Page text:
Longitudinal Performance Analysis in Ultra-Triathlon of the World’s 2 Best Master Triathletes

in International Journal of Sports Physiology and Performance
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Purpose: To analyze the performances of 2 ultra-triathletes who competed in ultra-triathlon events (double Iron ultra-triathlon and triple Iron ultra-triathlon) for the past 3 decades. Longitudinal data of the performance development in ultra-triathlon athletes spanning many years are rare. Prediction of age-related performance declines in the different disciplines in triathlon events (swimming, cycling, and running) are needed for race directors to set realistic goals (time limits) for master athletes in these events. Methods: Athletes A and B had 34 and 53 participations in double Iron at 35–55 and 40–69 y of age, respectively, and 26 and 20 participations in triple Iron at 33–51 and 40–61 y of age, respectively. Nonlinear regression analyses were performed with split and overall performance against age. Results: The average declines in performance in triple Iron ultra-triathlon for athlete A were 0.62%/y, 0.19%/y, and 0.98%/y for swimming, cycling, and running, respectively. For athlete B, a positive change was identified for swimming (0.19%/y) and cycling (1.12%/y) but negative change for running (1.34%/y). Conclusion: Running is the discipline with the greatest performance-decline rate for both athletes, in both double and triple Iron distances. The race time limit of double Iron competitions seems too short, making it difficult for master athletes older than 55 y to finish the race within the event regulations.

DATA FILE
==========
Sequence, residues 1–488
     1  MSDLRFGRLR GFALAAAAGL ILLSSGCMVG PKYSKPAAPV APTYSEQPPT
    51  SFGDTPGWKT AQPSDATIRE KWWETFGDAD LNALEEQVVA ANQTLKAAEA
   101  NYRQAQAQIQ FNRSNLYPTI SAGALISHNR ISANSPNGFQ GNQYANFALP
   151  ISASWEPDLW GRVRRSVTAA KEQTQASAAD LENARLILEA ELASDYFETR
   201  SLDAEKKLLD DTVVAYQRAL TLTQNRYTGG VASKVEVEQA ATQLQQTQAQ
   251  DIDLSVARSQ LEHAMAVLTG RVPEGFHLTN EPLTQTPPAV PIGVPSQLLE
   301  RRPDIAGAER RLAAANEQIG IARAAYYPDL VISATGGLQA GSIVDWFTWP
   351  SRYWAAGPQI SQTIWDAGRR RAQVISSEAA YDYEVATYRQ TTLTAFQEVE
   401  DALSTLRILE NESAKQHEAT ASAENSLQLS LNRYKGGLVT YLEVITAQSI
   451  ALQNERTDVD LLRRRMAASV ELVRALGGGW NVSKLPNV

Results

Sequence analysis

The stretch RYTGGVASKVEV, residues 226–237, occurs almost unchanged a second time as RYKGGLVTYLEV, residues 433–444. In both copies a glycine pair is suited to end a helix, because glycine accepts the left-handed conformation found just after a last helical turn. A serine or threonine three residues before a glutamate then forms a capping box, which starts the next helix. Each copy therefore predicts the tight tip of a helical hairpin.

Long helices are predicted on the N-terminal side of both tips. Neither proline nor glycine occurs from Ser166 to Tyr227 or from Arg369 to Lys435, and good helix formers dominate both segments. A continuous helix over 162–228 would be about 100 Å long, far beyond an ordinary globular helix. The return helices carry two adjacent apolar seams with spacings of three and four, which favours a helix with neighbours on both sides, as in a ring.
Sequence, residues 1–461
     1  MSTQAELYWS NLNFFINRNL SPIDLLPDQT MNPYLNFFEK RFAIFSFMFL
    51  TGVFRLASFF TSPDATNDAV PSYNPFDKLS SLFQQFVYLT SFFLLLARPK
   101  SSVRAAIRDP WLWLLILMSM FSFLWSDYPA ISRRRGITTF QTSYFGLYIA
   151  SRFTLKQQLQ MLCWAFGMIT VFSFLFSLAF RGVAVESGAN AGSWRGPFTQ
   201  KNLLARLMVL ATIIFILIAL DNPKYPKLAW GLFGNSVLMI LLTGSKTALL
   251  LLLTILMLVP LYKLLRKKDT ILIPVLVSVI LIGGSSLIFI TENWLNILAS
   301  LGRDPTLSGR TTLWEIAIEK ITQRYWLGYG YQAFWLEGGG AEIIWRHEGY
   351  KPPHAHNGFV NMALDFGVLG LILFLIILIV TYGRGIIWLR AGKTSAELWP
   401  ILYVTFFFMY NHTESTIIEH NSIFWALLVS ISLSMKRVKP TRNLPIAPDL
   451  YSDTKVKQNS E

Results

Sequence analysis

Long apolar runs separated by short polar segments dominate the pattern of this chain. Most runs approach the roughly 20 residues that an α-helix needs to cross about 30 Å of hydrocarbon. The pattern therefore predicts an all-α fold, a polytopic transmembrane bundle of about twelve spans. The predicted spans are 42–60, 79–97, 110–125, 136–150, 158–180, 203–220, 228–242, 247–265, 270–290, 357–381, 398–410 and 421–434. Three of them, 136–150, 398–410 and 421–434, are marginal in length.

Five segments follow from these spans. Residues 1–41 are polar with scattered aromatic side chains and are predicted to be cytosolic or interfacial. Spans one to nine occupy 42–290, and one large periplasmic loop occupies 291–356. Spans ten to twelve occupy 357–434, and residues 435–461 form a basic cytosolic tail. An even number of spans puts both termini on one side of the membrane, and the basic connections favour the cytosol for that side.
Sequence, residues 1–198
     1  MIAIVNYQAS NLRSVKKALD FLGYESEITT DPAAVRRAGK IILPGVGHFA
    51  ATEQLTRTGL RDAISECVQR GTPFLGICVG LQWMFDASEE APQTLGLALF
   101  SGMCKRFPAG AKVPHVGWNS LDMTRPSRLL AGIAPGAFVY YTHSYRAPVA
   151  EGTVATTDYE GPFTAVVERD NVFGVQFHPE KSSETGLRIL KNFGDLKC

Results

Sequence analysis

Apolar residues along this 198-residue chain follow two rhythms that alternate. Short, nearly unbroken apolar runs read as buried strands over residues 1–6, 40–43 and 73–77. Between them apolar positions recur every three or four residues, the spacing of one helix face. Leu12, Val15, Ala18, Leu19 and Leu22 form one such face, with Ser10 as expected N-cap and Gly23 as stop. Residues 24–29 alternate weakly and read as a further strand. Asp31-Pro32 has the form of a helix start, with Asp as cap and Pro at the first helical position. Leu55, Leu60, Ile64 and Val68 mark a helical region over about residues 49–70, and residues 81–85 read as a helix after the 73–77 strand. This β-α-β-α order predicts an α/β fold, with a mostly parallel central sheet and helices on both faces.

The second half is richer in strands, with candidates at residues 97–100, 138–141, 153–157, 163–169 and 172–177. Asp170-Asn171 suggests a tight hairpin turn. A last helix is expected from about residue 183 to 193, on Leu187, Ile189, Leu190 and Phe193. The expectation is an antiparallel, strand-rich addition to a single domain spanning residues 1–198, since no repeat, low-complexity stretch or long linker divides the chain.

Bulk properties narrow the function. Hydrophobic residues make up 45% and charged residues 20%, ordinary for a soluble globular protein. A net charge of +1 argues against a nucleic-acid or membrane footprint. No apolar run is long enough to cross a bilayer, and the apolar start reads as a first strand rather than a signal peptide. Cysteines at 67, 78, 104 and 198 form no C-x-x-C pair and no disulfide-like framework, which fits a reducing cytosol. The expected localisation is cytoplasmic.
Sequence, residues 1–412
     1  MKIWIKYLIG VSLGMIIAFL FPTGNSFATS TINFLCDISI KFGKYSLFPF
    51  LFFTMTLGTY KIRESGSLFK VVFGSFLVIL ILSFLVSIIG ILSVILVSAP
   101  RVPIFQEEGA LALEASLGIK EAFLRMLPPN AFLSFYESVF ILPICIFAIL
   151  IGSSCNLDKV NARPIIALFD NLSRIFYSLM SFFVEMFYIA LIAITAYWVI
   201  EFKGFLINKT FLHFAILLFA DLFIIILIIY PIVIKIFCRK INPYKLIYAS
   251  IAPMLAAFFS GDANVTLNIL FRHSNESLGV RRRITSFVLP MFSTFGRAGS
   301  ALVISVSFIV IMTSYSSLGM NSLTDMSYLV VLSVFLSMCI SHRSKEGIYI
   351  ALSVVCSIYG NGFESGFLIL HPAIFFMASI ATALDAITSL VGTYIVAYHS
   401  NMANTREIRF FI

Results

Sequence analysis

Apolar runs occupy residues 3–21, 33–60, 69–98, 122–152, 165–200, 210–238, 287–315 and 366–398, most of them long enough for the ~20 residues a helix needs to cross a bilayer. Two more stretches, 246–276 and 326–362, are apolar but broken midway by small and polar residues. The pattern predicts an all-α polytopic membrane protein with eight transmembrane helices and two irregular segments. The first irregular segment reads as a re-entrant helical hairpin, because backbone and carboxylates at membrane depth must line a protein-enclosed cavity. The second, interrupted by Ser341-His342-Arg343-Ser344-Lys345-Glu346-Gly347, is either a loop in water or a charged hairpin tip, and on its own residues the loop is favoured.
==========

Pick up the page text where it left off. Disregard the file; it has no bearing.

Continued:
Sousa is with the College of Arts, Media & Design, Bouvé College of Health Sciences, Northeastern University, Boston, MA, USA. Knechtle is with the Medbase St Gallen Am Vadianplatz, St Gallen, Switzerland, and the Inst of Primary Care, University of Zurich, Zurich, Switzerland. Nikolaidis is with the Exercise Physiology Laboratory, Nikaia, Greece.

Knechtle (beat.knechtle@hispeed.ch) is corresponding author.
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